Jacksonville is the only city in the U.S. with two facilities using proton therapy to treat cancer, a feature that not only brings medical but also economic benefits to the community, the leaders of the two facilities said Friday.
“Jacksonville is a dynamic health-care community,” said Scot Ackerman, medical director of the Ackerman Cancer Center, during a lunch meeting of the Economic Roundtable of Jacksonville.
The Ackerman center began offering proton therapy last year at its Mandarin location, while the UF Health Proton Therapy Institute just celebrated its 10th anniversary at its facility on Eighth Street near Downtown.
Proton therapy is a treatment that destroys cancer cells by using proton particles to deliver targeted doses of radiation.
Ackerman said it is preferable to other forms of radiation treatment because proton therapy has less impact on surrounding tissue and has fewer side effects.
There are only 25 proton therapy centers operating in the U.S., with 11 in development, but Ackerman expects to see the treatment grow.
“I’m very bullish on proton therapy and there is high demand for proton therapy as we move into the future,” he said.
Ackerman treats mostly local patients but the much larger UF Health center has treated patients from 30 countries, said Executive Director Stuart Klein.
“People from all over the world have come to our facility for treatment,” he said.
UF Health has treated 6,700 people over the last decade. It ranks fourth in the world in the number of overall proton therapy patients and first in pediatric patients, Klein said.
“We treat more kids in our facility than any facility in the world,” he said.
About half of its current patients are from outside the Jacksonville area. But for its history, the percentage has been about 70 percent, Klein said, bringing a tangible economic impact.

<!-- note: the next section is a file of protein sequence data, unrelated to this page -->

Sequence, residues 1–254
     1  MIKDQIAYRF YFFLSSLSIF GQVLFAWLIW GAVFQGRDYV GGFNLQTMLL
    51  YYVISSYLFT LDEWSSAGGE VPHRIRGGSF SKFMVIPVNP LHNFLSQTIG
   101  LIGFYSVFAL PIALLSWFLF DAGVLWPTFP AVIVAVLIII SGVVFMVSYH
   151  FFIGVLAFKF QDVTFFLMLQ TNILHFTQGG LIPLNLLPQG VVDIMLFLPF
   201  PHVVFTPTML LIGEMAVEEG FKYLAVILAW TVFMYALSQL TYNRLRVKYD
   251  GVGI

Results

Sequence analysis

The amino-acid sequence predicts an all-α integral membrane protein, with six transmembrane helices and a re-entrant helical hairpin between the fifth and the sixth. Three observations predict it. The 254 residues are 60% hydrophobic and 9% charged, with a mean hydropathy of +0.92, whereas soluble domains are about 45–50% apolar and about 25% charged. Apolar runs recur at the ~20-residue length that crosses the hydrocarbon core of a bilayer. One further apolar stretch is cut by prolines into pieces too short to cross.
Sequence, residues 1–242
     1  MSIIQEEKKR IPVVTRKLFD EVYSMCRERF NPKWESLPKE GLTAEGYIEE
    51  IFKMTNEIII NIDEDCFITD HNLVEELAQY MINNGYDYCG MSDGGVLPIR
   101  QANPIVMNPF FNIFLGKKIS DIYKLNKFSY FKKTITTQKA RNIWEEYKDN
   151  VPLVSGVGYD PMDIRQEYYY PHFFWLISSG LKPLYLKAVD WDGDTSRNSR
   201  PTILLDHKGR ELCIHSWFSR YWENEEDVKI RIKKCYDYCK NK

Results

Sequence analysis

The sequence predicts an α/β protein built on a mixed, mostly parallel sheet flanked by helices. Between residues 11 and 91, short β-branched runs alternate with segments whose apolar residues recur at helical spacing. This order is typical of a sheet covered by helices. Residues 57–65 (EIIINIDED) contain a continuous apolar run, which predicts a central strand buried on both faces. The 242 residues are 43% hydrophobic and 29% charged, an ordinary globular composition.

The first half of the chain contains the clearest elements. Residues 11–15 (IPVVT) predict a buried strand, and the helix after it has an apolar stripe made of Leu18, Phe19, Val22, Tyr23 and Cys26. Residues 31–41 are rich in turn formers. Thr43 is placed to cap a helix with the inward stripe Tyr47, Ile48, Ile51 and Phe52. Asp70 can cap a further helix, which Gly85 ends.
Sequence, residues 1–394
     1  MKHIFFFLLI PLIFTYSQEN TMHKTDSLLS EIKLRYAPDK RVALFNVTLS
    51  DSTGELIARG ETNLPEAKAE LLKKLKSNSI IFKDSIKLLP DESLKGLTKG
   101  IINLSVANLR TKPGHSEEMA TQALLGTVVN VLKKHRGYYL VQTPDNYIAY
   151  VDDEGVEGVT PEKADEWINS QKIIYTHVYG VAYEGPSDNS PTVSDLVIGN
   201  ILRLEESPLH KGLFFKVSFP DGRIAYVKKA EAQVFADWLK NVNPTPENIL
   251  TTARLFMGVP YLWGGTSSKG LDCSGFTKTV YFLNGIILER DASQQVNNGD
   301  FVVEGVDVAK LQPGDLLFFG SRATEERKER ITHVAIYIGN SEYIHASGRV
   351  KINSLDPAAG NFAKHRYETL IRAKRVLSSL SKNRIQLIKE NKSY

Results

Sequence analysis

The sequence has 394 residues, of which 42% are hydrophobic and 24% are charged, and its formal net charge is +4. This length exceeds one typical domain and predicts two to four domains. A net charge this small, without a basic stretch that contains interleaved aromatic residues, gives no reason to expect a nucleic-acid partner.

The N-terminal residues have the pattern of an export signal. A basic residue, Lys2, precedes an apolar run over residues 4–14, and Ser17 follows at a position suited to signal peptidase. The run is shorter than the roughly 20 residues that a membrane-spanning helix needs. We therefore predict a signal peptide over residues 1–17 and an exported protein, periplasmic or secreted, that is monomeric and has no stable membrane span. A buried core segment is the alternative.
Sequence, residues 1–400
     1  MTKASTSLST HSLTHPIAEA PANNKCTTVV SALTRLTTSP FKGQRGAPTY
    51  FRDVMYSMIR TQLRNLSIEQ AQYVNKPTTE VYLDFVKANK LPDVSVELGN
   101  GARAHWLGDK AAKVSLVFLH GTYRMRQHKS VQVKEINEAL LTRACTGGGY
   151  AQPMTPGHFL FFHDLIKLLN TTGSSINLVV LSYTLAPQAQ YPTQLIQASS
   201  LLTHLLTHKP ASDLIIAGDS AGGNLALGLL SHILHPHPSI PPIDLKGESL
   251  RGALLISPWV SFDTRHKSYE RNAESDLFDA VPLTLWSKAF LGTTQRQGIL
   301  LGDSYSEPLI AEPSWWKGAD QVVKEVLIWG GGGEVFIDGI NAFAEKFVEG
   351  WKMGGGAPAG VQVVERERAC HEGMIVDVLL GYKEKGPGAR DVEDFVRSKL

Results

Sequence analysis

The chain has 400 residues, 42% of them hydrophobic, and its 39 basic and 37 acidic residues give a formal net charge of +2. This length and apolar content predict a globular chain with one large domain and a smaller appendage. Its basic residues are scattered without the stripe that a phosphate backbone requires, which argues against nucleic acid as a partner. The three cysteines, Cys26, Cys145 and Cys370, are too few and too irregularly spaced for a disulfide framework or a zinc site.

The course of treatment takes six to eight weeks, and patients traveling from outside may end up spending two to three months in Jacksonville along with family members.
UF Health has determined the average outside patient spends $5,500 in the community during his or her treatment, Klein said.
Since UF Health is a teaching hospital, the proton therapy center also brings in groups for educational purposes.
“For instance, we have group coming from China in two weeks,” Klein said.
UF Health’s 98,000-square-foot facility initially was built with a $125 million investment, and the institute this year announced a three-year, $39 million expansion project, he said.
Ackerman said it’s not just proton therapy that makes Jacksonville a cutting-edge medical community. He pointed to other health services offered by UF Health and places like the Mayo Clinic.
“Jacksonville is a destination medical city,” he said. “The economic impact of that has a ripple effect.”
Ackerman said the various medical facilities attract biotech research companies to the area.
“It’s a good place to do trials of these medical devices,” he said.
Klein and Ackerman said there are issues with insurance companies approving proton therapy, since it is a relatively new procedure. But Ackerman said the science behind the treatment is proven and he expects it to become more acceptable.
“This is a wonderful way to treat patients,” he said. “Proton therapy is a game-changer.”
When it comes to treating cancer, Jacksonville is a unique place — and that’s not hyperbole.